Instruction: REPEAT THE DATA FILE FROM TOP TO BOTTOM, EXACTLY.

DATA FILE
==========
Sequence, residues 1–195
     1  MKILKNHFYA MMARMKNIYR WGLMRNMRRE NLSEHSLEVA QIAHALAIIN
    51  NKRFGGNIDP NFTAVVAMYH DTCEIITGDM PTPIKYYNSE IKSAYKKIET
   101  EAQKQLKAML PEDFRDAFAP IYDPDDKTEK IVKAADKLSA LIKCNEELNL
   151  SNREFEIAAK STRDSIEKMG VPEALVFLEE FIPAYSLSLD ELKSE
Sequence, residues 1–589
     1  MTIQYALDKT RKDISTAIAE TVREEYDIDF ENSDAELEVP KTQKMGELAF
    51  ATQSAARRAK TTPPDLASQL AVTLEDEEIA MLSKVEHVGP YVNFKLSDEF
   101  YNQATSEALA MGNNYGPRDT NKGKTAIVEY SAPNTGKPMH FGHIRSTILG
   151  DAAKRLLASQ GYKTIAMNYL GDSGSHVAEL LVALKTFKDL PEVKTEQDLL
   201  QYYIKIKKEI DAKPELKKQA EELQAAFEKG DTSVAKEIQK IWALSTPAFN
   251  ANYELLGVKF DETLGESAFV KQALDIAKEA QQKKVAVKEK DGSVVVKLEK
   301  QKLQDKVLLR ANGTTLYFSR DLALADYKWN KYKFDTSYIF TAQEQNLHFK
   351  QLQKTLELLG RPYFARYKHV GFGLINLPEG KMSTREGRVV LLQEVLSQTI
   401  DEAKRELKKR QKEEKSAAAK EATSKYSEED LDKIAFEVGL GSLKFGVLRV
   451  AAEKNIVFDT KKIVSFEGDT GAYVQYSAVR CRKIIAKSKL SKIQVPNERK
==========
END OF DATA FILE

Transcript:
Sequence, residues 1–195
     1  MKILKNHFYA MMARMKNIYR WGLMRNMRRE NLSEHSLEVA QIAHALAIIN
    51  NKRFGGNIDP NFTAVVAMYH DTCEIITGDM PTPIKYYNSE IKSAYKKIET
   101  EAQKQLKAML PEDFRDAFAP IYDPDDKTEK IVKAADKLSA LIKCNEELNL
   151  SNREFEIAAK STRDSIEKMG VPEALVFLEE FIPAYSLSLD ELKSE
Sequence, residues 1–589
     1  MTIQYALDKT RKDISTAIAE TVREEYDIDF ENSDAELEVP KTQKMGELAF
    51  ATQSAARRAK TTPPDLASQL AVTLEDEEIA MLSKVEHVGP YVNFKLSDEF
   101  YNQATSEALA MGNNYGPRDT NKGKTAIVEY SAPNTGKPMH FGHIRSTILG
   151  DAAKRLLASQ GYKTIAMNYL GDSGSHVAEL LVALKTFKDL PEVKTEQDLL
   201  QYYIKIKKEI DAKPELKKQA EELQAAFEKG DTSVAKEIQK IWALSTPAFN
   251  ANYELLGVKF DETLGESAFV KQALDIAKEA QQKKVAVKEK DGSVVVKLEK
   301  QKLQDKVLLR ANGTTLYFSR DLALADYKWN KYKFDTSYIF TAQEQNLHFK
   351  QLQKTLELLG RPYFARYKHV GFGLINLPEG KMSTREGRVV LLQEVLSQTI
   401  DEAKRELKKR QKEEKSAAAK EATSKYSEED LDKIAFEVGL GSLKFGVLRV
   451  AAEKNIVFDT KKIVSFEGDT GAYVQYSAVR CRKIIAKSKL SKIQVPNERK